The Legend(s) of the Swans of Bruges

Besides the medieval facades, the cobbled alleys and the charming bridges, the city of Bruges is also well-known for the elegant swans that majestically swim in the narrow canals, and several folktales tell the story how these swans came to Bruges.

The first tale is my favourite and the lesser-known narrative of the two. According to this story a father imprisoned his daughter in the cellar of a house located alongside the Spiegelrei in the 13th century. The reason he wanted to put her under lock and key was because she refused to marry the man she had been commanded to exchange vows with. Just when she thought she was never going to see the light of day again, two swans glided by her window. They returned the next day, and the next, and the day after that to keep her company during those lonely, dark hours. It’s unclear why and how she was released, but when she was finally free she decided to leave the city but not before gifting Bruges a huge fortune. There was only one condition: they had to promise that they would take care of the swans and all their descendants.

The second story is more widely known in Bruges and tells the gruesome tale of Pieter Lanchals. Lanchals was a trusted confident of The Holy Roman Emperor Maximilian I. The emperor and his adviser weren’t popular in the Duchies of Flanders and Brabant mainly because of the heavy taxes they imposed and the only major city that remained faithful to his regency during these tumultuous years was Antwerp. During the second revolt in 1488 Maximilian was captured in Bruges while Lanchals went into hiding in the Carmerstraat. When his hiding place was discovered the emperor was forced to watch the torture of his friend, which went on for a couple of days, and eventually his beheading. Once that was done, his head was put on a spike and displayed at the Gentpoort.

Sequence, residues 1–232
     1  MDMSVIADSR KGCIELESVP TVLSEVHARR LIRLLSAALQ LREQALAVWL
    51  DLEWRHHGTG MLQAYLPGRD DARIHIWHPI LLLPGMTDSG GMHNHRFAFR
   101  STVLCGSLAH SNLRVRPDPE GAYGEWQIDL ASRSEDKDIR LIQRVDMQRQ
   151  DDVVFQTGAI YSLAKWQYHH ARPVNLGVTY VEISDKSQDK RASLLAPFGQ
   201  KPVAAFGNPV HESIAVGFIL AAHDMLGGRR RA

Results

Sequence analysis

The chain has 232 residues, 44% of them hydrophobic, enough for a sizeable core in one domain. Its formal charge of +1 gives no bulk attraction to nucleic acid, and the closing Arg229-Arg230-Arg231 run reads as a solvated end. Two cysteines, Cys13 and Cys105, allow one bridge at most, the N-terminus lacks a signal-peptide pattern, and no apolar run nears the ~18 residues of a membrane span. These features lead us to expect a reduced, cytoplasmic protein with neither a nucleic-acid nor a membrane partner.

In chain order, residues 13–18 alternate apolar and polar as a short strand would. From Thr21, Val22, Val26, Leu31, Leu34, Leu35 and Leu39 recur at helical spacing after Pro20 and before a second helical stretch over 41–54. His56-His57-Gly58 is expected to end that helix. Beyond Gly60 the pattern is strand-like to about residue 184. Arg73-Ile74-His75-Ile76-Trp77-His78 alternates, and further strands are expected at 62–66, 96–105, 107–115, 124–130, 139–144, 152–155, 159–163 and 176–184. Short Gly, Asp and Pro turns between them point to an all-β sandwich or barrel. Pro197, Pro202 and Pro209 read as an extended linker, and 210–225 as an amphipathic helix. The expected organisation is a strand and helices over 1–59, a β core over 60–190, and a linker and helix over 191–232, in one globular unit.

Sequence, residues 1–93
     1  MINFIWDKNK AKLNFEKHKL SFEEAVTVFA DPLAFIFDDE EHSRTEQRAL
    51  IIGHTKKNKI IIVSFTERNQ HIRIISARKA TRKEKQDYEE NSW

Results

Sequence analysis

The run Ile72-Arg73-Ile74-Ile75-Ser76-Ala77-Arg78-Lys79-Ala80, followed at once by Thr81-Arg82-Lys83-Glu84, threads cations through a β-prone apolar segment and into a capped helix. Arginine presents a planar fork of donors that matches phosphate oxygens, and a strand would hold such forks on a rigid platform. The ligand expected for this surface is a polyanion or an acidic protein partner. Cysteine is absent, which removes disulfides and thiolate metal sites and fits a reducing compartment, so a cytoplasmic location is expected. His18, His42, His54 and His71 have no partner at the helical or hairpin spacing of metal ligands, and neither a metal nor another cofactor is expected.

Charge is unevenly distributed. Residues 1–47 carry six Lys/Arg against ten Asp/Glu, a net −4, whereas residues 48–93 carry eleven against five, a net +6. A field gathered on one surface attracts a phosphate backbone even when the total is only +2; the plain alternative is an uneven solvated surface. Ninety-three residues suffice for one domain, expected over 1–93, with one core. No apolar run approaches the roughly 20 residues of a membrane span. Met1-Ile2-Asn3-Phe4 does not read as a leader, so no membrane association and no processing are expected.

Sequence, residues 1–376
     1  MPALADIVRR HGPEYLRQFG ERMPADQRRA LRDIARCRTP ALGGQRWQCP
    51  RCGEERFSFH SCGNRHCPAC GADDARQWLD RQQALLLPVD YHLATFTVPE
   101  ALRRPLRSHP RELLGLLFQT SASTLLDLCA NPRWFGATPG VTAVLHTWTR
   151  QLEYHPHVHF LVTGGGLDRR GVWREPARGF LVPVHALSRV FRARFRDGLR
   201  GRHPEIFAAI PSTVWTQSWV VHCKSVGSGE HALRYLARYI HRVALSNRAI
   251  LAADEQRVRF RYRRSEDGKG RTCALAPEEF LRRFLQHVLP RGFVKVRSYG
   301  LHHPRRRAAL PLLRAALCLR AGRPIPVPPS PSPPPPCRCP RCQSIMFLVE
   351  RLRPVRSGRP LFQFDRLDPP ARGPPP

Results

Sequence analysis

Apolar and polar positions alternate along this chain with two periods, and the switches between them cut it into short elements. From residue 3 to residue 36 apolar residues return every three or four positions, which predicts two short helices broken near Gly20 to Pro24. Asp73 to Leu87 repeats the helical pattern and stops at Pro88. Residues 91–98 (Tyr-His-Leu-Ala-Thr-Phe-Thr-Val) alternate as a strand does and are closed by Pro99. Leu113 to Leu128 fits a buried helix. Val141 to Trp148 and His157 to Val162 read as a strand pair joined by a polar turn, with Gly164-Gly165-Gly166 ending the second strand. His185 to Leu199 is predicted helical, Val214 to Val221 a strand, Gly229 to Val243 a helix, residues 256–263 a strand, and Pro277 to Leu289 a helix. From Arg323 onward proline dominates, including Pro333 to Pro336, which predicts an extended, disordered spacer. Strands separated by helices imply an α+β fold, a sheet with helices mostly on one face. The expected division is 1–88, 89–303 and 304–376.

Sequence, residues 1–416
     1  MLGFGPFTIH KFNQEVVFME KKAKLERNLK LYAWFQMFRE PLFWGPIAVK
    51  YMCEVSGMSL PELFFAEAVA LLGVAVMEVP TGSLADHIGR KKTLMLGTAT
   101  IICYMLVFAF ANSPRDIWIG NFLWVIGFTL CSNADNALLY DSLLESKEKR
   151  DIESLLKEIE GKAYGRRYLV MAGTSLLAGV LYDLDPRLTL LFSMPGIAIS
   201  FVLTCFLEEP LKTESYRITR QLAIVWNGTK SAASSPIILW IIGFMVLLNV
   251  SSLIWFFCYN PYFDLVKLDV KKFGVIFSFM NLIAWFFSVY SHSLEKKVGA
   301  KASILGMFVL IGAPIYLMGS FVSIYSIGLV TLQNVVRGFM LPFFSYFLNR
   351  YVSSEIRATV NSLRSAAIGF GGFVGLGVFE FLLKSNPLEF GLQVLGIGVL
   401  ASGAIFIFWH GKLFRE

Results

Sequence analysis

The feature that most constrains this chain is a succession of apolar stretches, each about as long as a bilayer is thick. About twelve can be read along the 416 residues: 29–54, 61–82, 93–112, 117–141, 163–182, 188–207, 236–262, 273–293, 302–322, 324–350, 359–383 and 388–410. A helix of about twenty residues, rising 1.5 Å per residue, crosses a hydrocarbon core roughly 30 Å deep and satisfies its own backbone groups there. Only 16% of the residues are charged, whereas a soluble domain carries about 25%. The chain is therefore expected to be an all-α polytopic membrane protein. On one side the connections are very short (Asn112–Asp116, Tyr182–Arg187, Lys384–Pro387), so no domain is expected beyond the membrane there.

Unfortunately for the Flemish the revolts failed, and that’s where we move on to the folklore part of the story where the details become hazy. The emperor demanded that Lanchals honour would be restored and ordered that Bruges must take care of the swans that dwell in the city’s lakes and canals until the city falls. Interestingly, Lanchals is the old Flemish word for ‘langhalzen’ which translates as long necks.

The story of the swans of Bruges doesn’t end during these bygone centuries. In 2014 there was a lot of fuss in the city about an exotic black swan who to everyone’s astonishment could all of a sudden be seen swimming in the canals together with the countless of other swans that call Bruges their home. The city council wanted to remove the swan, but this was a decision the local population didn’t like at all and almost resulted in another revolt. Protest Facebook pages were created, the swan was bapitsed Burilda and quickly became a tourist attraction. Bruges’s only black swan vanished just as mysteriously as it had arrived. Some say the bird went away on its own accord, while others claim the owner of the animal came forward, and yet others think the city council was involved in its disappearance.

white sketch pad beside cup of coffee


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